This is our second entry in a series focusing on cool places, roads or attractions that are off the beaten path. Today’s destination certainly qualifies. After all, Alliance, Nebraska, may not be the end of the world . . . but you can see it from there.
Our attraction is a wildly offbeat piece of folk art named Carhenge. There, 3 miles north of Alliance in flat farm country are 38 vintage vehicles arranged into a sculpture that replicates the shape and dimensions of England’s Stonehenge. A local farmer named Jim Reinders and other family members built Carhenge as a memorial to his father. It was dedicated in 1987 and now belongs to the City of Alliance. In an adjacent field are more sculptures made from cars and car parts. You really have to see this place to believe it.
I spent 31 years in the automotive industry, so I considered it a pilgrimage. Many of this blog’s readers are also current or former automotive professionals, so I think you’ll thank me for turning you on to Carhenge. To get there, simply take SR 87 north from Alliance.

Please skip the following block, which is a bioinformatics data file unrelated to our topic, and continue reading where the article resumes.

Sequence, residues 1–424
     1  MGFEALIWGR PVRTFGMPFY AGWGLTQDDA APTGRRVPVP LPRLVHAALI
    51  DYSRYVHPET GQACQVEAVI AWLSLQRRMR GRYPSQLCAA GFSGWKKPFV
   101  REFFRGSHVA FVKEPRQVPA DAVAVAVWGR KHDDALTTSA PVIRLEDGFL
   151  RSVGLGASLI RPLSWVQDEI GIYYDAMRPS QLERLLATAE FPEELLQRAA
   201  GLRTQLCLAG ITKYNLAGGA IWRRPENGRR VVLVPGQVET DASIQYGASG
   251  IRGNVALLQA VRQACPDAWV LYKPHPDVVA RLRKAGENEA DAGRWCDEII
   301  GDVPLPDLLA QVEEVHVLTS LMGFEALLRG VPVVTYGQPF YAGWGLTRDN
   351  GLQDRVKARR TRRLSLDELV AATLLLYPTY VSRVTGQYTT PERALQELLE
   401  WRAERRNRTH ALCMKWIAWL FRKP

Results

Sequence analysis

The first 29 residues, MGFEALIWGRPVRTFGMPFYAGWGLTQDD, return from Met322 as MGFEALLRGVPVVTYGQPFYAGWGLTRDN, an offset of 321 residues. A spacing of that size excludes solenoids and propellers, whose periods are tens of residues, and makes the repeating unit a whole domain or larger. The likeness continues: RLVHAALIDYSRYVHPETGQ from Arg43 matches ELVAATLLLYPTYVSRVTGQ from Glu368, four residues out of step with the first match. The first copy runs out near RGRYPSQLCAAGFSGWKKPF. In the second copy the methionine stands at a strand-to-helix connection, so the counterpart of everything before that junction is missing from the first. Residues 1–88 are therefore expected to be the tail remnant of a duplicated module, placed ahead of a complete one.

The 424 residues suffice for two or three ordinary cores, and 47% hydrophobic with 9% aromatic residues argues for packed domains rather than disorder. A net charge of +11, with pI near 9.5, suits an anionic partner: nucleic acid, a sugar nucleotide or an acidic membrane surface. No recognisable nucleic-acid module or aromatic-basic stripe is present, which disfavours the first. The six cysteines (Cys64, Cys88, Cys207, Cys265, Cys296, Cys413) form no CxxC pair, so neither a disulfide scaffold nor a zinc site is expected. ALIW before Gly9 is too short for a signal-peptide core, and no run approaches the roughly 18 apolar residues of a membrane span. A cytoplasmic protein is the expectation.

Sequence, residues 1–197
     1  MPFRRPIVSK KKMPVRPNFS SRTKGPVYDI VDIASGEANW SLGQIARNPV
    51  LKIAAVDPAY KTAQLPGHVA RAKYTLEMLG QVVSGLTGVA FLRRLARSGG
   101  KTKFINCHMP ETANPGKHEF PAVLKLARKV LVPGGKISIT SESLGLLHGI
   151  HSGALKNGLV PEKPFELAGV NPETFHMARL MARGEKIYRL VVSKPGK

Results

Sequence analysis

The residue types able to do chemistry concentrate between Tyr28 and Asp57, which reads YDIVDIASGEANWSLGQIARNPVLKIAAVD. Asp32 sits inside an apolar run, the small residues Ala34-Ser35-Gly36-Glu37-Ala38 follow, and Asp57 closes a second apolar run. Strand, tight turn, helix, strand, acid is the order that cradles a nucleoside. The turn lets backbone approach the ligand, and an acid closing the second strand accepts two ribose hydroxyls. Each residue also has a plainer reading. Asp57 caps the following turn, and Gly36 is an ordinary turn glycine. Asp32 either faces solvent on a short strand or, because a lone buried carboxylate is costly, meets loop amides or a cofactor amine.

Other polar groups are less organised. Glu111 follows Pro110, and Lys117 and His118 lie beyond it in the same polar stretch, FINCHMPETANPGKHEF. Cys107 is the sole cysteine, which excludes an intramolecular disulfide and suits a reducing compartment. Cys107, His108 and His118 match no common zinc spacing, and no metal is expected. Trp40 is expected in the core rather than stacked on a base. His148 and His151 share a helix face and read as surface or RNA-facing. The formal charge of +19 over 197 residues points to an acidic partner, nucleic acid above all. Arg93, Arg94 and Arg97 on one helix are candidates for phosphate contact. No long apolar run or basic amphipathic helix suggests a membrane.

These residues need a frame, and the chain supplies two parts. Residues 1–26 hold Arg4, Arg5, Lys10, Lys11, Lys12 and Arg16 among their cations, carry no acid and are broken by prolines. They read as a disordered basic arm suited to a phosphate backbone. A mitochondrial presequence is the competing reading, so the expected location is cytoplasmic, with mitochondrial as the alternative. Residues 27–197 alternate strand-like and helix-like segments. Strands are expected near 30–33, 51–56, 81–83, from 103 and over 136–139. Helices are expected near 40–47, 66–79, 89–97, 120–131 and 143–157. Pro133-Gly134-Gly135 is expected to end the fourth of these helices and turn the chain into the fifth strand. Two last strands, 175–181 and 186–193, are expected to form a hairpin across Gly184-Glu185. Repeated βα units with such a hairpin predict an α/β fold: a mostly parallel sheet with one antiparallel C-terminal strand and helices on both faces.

“But Tom,” you say, “this is seriously remote.” Sure it is. But let me offer a couple of ideas. Scottsbluff National Monument, an hour’s drive south of Alliance, is a memorial to the pioneers who traveled the Oregon Trail. There’s also an awesome view from the top of the bluff. An hour to the north of Carhenge in the un-Nebraska-like Pine Ridge country is Fort Robinson, an old cavalry post dating from the 1870s. It’s now a state park and has some fascinating displays. (Kids love this place.) You can actually stay overnight in one of the original buildings. From Fort Robinson, SR 71 leads north to the Black Hills of South Dakota. Combine these three attractions, and you’ve got a nice side trip on your way to or from Mt. Rushmore.
Carhenge is open daily during daylight hours. Admission is free. You’ll find a couple of hotels and eating places in Alliance. How crowded is it? You’ve got to be kidding! For more information, go to www.carhenge.com.